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4meter last won the day on January 26 2016

4meter had the most liked content!

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About 4meter

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    Tucson, Arizona
  • Interests
    rock/mineral/fossil collecting; geology; meteorology; astronomy; sailing; good food; wood working; afternoon naps.

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  1. Another oddball?

    That should be guide to Vermont not NH. Sorry about that.
  2. Another oddball?

    Here is a rock/mineral hunting guide to NH. This will help you as you collect. On page 42 there is a rock sample that, with some weathering would be a dead ringer for your sample. If so, you have a talc, actinolite schist. The elongated, Actinolite blades would be hard (5.5 on mohs scale) compared to the Talc matrix around them that should be soft (2.5 on mohs scale).
  3. Another oddball?

    Take a brass brush to a side and clean it up. That might help in IDing the minerals that make up the rock.
  4. Odd rock help?

    Thank you NHrockhunter for the additional info. This is a hard nut to crack. Based on the photos and quick check on the geology of central NH, I think you have a heavily weathered piece of ultramafic dike rock. It fits the description in having a glassy matrix with small "needle" like crystals embedded in the matrix with mini/micro magnetite crystals. For a more exact ID, it would require either finding a geologist that is very familiar with the rocks of the area were this sample came from or giving it to a University willing to do a thin section analysis for you. If you get more info on the sample, please let us know. I would love to know exactly what it is.
  5. I'm pretty sure you have a Serpentinite sample. It was a Basalt that has been metamorphosed into the rock you now have. As other posters pointed out it contains Dendrites. These are manganese minerals that look like plants on the rocks surface. Its a very nice sample.
  6. Is this petrified wood?

    Give the rock a good bath and scrubbing in baking soda water. This will help remove the clays. I would give the sample a few days soaking in iron out solution as well. Use a plastic scrub brush then genitally use a brass brush. It should be easier to see what it is made of once clean. Post some photos of the cleaned rock.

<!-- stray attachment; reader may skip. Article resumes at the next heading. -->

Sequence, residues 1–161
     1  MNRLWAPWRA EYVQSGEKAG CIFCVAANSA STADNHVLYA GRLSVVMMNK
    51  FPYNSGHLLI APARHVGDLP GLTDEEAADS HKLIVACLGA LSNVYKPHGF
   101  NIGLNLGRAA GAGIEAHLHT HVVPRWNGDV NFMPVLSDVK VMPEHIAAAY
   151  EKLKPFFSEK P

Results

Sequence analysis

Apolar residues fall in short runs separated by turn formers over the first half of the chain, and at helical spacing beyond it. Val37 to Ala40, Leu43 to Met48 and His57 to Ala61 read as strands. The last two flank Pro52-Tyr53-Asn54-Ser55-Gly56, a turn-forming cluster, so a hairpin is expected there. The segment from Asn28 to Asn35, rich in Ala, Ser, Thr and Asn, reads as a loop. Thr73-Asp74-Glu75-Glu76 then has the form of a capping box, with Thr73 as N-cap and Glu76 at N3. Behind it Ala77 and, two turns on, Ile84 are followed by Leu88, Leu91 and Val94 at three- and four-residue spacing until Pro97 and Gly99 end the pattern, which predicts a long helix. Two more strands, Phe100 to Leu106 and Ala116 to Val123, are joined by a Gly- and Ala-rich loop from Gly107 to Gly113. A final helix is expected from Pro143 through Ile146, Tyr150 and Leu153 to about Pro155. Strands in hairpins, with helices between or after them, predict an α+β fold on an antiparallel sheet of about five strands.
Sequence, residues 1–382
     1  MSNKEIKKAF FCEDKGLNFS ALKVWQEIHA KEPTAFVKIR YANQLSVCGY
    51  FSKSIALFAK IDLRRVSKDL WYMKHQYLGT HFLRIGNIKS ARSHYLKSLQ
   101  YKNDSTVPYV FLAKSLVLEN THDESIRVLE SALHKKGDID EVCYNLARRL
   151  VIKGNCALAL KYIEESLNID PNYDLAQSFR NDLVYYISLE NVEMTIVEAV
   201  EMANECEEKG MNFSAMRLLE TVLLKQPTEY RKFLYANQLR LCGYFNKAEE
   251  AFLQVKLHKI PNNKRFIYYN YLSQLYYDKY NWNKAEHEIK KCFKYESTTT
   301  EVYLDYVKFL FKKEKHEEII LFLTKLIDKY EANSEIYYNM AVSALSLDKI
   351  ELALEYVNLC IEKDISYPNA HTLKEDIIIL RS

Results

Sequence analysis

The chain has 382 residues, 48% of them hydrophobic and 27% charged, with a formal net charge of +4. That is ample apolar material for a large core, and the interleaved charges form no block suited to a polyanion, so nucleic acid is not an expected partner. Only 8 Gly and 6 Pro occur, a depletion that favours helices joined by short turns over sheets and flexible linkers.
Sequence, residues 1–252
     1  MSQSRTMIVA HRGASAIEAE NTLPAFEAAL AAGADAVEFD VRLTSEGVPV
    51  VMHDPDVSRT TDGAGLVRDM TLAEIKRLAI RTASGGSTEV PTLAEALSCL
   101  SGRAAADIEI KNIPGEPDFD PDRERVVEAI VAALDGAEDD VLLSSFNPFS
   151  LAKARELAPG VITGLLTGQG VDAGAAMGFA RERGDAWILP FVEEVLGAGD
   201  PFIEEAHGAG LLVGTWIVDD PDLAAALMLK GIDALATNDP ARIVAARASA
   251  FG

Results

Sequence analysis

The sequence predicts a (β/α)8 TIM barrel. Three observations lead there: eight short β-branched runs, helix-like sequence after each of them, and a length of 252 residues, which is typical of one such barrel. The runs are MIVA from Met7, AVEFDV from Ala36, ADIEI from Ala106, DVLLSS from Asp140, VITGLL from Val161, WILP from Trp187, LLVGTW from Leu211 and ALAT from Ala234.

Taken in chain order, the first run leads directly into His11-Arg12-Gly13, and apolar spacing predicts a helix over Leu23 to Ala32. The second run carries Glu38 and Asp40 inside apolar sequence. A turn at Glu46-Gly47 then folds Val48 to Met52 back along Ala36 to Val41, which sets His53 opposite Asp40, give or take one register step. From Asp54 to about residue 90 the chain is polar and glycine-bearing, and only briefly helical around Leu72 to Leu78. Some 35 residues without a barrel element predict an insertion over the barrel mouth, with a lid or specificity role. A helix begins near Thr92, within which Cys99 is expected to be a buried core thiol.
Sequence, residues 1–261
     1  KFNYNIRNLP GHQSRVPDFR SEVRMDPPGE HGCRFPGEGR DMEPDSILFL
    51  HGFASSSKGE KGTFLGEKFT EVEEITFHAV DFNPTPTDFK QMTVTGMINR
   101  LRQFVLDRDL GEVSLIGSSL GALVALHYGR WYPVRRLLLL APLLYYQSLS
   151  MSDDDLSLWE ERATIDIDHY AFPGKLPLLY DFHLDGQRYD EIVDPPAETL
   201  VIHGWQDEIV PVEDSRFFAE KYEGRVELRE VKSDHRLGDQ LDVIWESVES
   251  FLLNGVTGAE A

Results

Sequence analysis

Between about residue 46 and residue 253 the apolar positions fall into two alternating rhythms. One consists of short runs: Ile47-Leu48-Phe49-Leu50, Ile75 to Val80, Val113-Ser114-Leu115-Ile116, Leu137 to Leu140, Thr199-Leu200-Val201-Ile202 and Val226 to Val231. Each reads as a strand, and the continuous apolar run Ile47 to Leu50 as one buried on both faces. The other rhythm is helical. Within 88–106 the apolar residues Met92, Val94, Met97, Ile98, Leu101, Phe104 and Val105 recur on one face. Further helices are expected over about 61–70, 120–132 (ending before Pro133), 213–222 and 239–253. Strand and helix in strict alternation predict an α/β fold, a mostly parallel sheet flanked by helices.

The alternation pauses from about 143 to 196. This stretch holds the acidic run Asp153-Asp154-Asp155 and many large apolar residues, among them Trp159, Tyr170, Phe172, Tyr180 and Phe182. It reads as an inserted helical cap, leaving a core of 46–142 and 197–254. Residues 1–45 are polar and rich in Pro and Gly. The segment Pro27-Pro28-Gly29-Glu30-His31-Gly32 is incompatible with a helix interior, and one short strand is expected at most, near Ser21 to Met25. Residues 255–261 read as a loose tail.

7. What kind of rock is this?

    Going solely by the photos, I would call it a water worn, Granite or Granodiorite pebble.
  8. Odd rock help?

    Need more input. Hardness? streak? Does it fizz if you put warm vinegar on it? does a magnet stick to it? where was it found?
  9. Another oddball?

    Doesn't look like it has "amber gems" to me. Looks like a greenish gray rock with minerals. Based solely on these photos I would go with the rock type as Lamprophyre and the minerals seen being hornblende or actinolite. Use a brass brush and clean a small corner to see what it looks like cleaned. Where did the rock come from? knowing the local geology would be a big help.
  10. Then again, it might me just a weathered piece of Basalt. That would also account for the green crystals (possibility Olivine) seen in the sample.
  11. Well the "metallic" color left on the sample by the " fancinia" (don't know what that is) means the sample is harder. I'm wondering if this sample is black because of "Desert Varnish". I read that over in the desert of southern California in the 1800s, there were large gold nuggets scattered about on the desert floor but no one payed attention to theme because they were coated black by "Desert Varnish". Maybe if you take a rotary tool with a small wire brush, you can brush off a small corner to see if the black comes off. The white rock in the last series of images is a piece of milky quartz with some iron staining and Muscovite mica on it.
  12. Turquoise?

    Need more input. Hardness, streak, fizz with warm vinegar?
  13. Looks like Magnetite to me. Take a magnet and see if the magnet attaches to the sample. If it does, most likely Magnetite. It does not rule out an iron meteor, but that need lab work to determine and this sample does not look like other iron meteor samples that I have seen.
  14. Ricolite, never heard of it until now but a quick Google and a variation of Ricolite (Serpentine) would seem to fit the bill s far as hardness, massive texture and the foliation that the sample displays. Ricolite is more green with white streaks, but nothing says it cannot be yellow with green stripes. Ha, maybe you can name it Yicolite, radssmith. LOL!
  15. Hard to believe that your fist photo and the last are of the same stuff, COOL! I'm going with Meta-Quartzite with some green stuff. Way to may minerals that green to venture a guess based solely on a photo. LipCa, very nice Gniess(s)!